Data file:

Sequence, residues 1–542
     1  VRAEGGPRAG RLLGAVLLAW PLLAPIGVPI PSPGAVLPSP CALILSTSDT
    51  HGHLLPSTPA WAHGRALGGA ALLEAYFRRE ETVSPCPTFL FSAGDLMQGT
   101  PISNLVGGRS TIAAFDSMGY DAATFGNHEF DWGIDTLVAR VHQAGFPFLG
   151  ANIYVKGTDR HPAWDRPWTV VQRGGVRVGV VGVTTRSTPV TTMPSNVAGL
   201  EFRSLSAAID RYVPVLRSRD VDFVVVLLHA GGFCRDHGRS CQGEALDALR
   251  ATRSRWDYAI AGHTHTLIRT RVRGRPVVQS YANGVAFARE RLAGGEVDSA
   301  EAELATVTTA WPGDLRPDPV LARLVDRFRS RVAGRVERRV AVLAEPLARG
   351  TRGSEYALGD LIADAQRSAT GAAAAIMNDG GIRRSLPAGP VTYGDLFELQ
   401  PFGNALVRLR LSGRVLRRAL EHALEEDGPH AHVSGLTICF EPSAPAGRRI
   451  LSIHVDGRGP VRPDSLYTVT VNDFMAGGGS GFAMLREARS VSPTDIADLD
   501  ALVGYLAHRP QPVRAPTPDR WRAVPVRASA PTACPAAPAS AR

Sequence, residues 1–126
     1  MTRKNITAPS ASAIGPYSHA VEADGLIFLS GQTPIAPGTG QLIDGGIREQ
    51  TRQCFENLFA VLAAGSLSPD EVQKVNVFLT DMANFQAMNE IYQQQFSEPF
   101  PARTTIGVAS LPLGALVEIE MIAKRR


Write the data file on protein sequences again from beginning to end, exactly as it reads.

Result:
Sequence, residues 1–542
     1  VRAEGGPRAG RLLGAVLLAW PLLAPIGVPI PSPGAVLPSP CALILSTSDT
    51  HGHLLPSTPA WAHGRALGGA ALLEAYFRRE ETVSPCPTFL FSAGDLMQGT
   101  PISNLVGGRS TIAAFDSMGY DAATFGNHEF DWGIDTLVAR VHQAGFPFLG
   151  ANIYVKGTDR HPAWDRPWTV VQRGGVRVGV VGVTTRSTPV TTMPSNVAGL
   201  EFRSLSAAID RYVPVLRSRD VDFVVVLLHA GGFCRDHGRS CQGEALDALR
   251  ATRSRWDYAI AGHTHTLIRT RVRGRPVVQS YANGVAFARE RLAGGEVDSA
   301  EAELATVTTA WPGDLRPDPV LARLVDRFRS RVAGRVERRV AVLAEPLARG
   351  TRGSEYALGD LIADAQRSAT GAAAAIMNDG GIRRSLPAGP VTYGDLFELQ
   401  PFGNALVRLR LSGRVLRRAL EHALEEDGPH AHVSGLTICF EPSAPAGRRI
   451  LSIHVDGRGP VRPDSLYTVT VNDFMAGGGS GFAMLREARS VSPTDIADLD
   501  ALVGYLAHRP QPVRAPTPDR WRAVPVRASA PTACPAAPAS AR

Sequence, residues 1–126
     1  MTRKNITAPS ASAIGPYSHA VEADGLIFLS GQTPIAPGTG QLIDGGIREQ
    51  TRQCFENLFA VLAAGSLSPD EVQKVNVFLT DMANFQAMNE IYQQQFSEPF
   101  PARTTIGVAS LPLGALVEIE MIAKRR